The Kansas Black Leadership Council, a nonpartisan coalition of African-American leaders across the state have submitted their 2019 legislative platform to members of the Kansas Legislature and state leadership. This year’s platform builds on the Council’s previous platforms and identifies seven focus areas:

• Expand Medicaid

• Same Day Voter Registration

• Cap Payday loan rates and/or revise laws regulating such loans

• Adopt the Kansas Smart Justice Agenda

• Increase the state’s minimum wage

• Eliminate sales tax on groceries

• Designate some state contracts and purchases for small Kansas-based businesses.

“As in previous years, our platform continues to focus on issues that we feel, if addressed, will have the great positive impact on African Americans across the state,” said Bonita Gooch, president of the Kansas Black Leadership Council. “While this is a platform for and by the state’s Black community, if approved, the items on the platform will have a positive impact on all Kansans.”

The Kansas Black Leadership Council adopted their first platform ahead of the 2016 Kansas legislative session. A group of approximately 75 leaders from across the state gathered under the motto, “if you don’t ask, you don’t get,” to put together the first of its kind platform of issues representative the needs of the state’s Black community.

The platform hasn’t changed much over the years. A few things have passed or been address by law, rulings or administrative action. One item on the 2017 platform, for the state to adopt a “Ban-the-Box” policy, was implemented last year through an executive order issued by Gov. Jeff Colyer. As a result of of the order, the question, “have you been convicted of a crime,” has been removed from the state’s job applications.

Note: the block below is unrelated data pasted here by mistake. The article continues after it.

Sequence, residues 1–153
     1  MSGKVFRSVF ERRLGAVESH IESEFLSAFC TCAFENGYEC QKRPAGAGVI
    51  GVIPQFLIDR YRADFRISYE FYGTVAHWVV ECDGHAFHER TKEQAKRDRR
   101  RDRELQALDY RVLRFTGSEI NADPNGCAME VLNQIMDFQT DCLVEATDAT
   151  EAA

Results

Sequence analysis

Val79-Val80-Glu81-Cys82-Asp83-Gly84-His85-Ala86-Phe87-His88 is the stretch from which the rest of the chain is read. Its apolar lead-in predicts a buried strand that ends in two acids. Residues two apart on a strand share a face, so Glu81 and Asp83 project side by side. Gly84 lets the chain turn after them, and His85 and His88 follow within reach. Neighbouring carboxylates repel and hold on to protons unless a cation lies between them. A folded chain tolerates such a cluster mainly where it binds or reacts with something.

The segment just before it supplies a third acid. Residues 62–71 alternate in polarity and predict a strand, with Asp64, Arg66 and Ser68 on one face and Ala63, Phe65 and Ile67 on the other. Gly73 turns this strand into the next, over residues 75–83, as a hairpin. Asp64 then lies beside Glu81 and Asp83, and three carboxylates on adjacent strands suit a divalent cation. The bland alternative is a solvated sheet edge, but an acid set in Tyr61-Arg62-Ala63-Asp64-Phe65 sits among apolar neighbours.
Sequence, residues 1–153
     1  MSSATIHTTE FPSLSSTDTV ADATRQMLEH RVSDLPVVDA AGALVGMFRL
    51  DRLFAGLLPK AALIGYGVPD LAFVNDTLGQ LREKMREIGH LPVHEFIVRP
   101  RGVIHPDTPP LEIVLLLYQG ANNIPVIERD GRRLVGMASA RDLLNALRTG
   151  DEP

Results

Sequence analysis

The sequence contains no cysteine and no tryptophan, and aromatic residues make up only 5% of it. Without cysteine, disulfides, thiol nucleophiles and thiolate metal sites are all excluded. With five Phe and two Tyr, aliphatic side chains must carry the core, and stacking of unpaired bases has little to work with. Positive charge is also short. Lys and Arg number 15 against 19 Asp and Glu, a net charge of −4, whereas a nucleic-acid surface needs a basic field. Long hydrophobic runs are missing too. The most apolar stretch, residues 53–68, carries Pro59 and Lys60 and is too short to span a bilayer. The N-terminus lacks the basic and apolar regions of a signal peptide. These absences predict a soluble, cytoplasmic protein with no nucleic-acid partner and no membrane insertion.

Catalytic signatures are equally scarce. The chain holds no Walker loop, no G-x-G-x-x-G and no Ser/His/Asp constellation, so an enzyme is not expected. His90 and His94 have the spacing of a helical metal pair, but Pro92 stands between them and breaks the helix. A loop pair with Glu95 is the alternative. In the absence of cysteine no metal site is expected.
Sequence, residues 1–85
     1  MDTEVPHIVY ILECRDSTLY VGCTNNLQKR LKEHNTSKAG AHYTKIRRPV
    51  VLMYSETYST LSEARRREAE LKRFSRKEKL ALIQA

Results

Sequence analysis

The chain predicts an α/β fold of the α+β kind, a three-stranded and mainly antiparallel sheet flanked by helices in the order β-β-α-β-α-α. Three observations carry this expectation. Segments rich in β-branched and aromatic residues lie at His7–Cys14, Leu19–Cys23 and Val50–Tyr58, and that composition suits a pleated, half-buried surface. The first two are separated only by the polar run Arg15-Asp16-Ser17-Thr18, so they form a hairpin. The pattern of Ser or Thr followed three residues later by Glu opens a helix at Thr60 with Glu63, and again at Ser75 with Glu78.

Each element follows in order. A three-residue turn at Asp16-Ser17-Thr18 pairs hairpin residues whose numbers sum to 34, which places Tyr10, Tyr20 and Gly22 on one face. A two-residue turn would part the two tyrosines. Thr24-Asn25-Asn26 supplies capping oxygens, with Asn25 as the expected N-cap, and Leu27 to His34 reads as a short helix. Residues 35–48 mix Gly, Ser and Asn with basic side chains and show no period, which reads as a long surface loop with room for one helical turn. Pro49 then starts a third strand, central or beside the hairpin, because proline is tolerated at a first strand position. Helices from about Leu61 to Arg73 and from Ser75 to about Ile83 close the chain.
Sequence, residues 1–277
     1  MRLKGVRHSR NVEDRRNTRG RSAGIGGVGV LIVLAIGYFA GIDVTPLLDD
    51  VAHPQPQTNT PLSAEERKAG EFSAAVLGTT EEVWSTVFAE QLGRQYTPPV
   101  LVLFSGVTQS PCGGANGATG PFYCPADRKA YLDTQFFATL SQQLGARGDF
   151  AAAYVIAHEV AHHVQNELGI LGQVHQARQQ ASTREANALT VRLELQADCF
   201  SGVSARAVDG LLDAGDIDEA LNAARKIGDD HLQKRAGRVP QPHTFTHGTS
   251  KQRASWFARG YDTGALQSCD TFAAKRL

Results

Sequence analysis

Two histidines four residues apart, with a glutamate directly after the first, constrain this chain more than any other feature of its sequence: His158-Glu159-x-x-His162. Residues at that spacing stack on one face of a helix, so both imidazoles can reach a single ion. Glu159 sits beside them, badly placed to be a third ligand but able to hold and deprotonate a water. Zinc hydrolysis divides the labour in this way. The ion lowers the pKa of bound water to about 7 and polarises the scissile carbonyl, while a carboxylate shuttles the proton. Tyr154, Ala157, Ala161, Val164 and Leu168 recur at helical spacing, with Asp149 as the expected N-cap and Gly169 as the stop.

The initial KBLC platform called for the repeal of the Kansas Safe Act, including both the requirement to provide an ID to vote and the proof of citizenship to register to vote. Thanks to rulings on a number of lawsuits, many of them filed by the American Civil Liberties Union, some of the measures of the SAFE Act have been ruled illegal, including the proof of citizenship requirement.

Bills have been introduced each year on many of the measures, with some items even making it to the floor for a vote. Last year, Medicaid Expansion passed both the House and the Senate but was vetoed by then Gov. Sam Brownback.

Gooch says she’s pleased with positive progress on all of the issues put forth by the Council.

“Each year, we continue to see legislation introduced on many of our issues, and even floor votes on some of the issues,” says Gooch. “We don’t always get the results we want, but we recognize how important it is to keep our issues in limelight.”

Gov. Laura Kelly offered encouragement to KBLC, “continue to bring it (our issues) back, time and time again,” said Kelly “YOU shouldn’t give up.”

As proof, she brought up Scruffy’s bill, an animal abuse bill Sen. David Haley worked on for years.

“Year after year he brought the bill back until he finally got it passed,” said Kelly.

Gooch agreed, “We find a need to vary our lost a little year to year, but you can bet we’re going to continue to work on these core issues until we get them passed,” said Gooch.

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